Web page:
Town Center likely to progress gradually
According to an analysis of business redevelopment in Town Center, a dense and multifaceted area is likely to materialize incrementally rather than all at once.
The analysis indicated that purchasing a property in Town Center and redeveloping the building so that it could include dense development with more mixed uses might not be cost effective for developers in the short term. But officials believe that once public infrastructure improvements are implemented and the area matures, such investments will be viable.
"To achieve a very aspirational vision, it takes time. It really will take some initial steps before some of those bigger investments are seen," Wilsonville Planning Manager Miranda Bateschell said.
The City of Wilsonville will unveil the results of its development feasibility analysis, provide an update of the draft plan and conduct a panel discussion with various experts from 4-5:30 p.m. Oct. 11 at Regal Cinemas. The analysis is part of Wilsonville's push to update its Town Center Plan for the first time since 1978.
The City is considering the implementation of a "Main Street" effect, lined with mixed uses — businesses of varied types combined with housing — and attractive businesses, a bolstered bike and pedestrian network and added green spaces for Town Center. The City plans to post the study's results at some point prior to the event at wilsonvilletowncenter.com in addition to sharing it that night.
Wilsonville conducted the feasibility analysis to determine which types of development would be viable in Town Center in the near term. The City analyzed the costs of acquiring land, tearing down an existing building, constructing a new building and other expenditures and the projected revenue property owners could garner from rents.
Bateschell said, due to the costs of redevelopment and rents that likely wouldn't make up the cost, such buildings will likely undergo simpler storefront improvements instead of full-scale redevelopments in the near term. The study also found that most of the existing buildings in Town Center are already occupied.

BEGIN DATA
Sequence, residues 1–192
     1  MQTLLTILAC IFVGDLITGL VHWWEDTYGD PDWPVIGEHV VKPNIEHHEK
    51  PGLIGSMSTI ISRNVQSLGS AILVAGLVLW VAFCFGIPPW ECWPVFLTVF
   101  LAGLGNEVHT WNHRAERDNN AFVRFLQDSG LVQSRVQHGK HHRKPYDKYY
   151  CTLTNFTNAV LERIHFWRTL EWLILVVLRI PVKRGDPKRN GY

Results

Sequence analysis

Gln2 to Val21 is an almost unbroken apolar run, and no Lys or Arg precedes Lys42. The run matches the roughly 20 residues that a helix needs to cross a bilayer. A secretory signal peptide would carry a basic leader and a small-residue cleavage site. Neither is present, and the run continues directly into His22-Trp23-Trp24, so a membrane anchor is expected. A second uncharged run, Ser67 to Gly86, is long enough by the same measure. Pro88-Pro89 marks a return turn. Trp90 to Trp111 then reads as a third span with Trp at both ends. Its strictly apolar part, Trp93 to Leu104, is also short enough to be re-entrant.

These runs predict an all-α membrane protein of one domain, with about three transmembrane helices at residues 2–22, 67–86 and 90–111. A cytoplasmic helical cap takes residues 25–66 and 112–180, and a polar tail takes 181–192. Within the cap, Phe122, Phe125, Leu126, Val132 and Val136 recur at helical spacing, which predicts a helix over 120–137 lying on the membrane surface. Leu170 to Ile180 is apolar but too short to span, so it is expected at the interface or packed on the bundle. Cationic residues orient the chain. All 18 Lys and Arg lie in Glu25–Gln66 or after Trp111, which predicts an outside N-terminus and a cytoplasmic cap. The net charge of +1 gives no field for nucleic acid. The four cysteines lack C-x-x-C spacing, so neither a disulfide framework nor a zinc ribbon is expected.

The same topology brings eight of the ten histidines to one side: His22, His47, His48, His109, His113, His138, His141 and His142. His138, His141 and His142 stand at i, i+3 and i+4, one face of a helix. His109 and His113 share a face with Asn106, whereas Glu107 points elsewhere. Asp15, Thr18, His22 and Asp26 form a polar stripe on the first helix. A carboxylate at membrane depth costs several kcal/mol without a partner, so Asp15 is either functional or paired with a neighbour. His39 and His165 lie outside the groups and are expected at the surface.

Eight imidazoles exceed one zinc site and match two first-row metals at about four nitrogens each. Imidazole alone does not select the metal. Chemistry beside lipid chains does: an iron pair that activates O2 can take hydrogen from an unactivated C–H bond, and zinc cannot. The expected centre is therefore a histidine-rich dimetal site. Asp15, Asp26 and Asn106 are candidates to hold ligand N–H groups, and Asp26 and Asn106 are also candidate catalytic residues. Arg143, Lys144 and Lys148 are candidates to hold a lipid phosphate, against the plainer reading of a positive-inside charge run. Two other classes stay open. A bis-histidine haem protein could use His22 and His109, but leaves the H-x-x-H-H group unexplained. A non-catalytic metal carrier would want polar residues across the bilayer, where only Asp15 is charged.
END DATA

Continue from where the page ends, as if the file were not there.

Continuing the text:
However, Wilsonville Economic Development Manager Jordan Vance said that development of vacant parcels could happen sooner.
"It's too costly (right now) for someone to come in, acquire land and develop those sites," Bateschell said. "Denser development types are likely going to happen as time goes on and more investments are made in Town Center."
Vance added: "Over time as rents do rise, that will set the stage for redevelopment. As rents increase and vacant areas develop, that new development coupled with new amenities will create a more vibrant area."
Plus, Bateschell said denser development types would likely require structured parking, which is costly to develop. Instead, the City could lessen parking requirements, utilize shared parking and make parking more evenly distributed throughout Town Center.
"Currently we have more parking than is utilized on a regular basis," Bateschell said. "A lot of folks want parking more consolidated and designed differently."
The study also found that while housing has kept up with rising construction costs, of-fice and retail rents have declined.
Vance and Bateschell stress that the city does not want to expel existing businesses and will consider programs that could provide financial incentives for businesses to invest in storefront improvements and adjust to changes.
"Part of our goal is to retain and grow our existing businesses in town. We'll be working to develop programs to achieve that," Vance said.
The expert panel will feature Fred Bruning of CenterCal Properties, Lloyd Purdy of Greater Portland Inc. and Brian Vanneman of Leland Consulting. Vance said Vanneman will provide insight on market conditions in Wilsonville and the region, Purdy will discuss public and private partnerships for Main Street programs and Bruning has experience with redevelopments throughout the region.
"The event is a good opportunity for everyone in the community, residents, small businesses to hear updates and then weigh in on economic development and what programs would look like in the future," Vance said.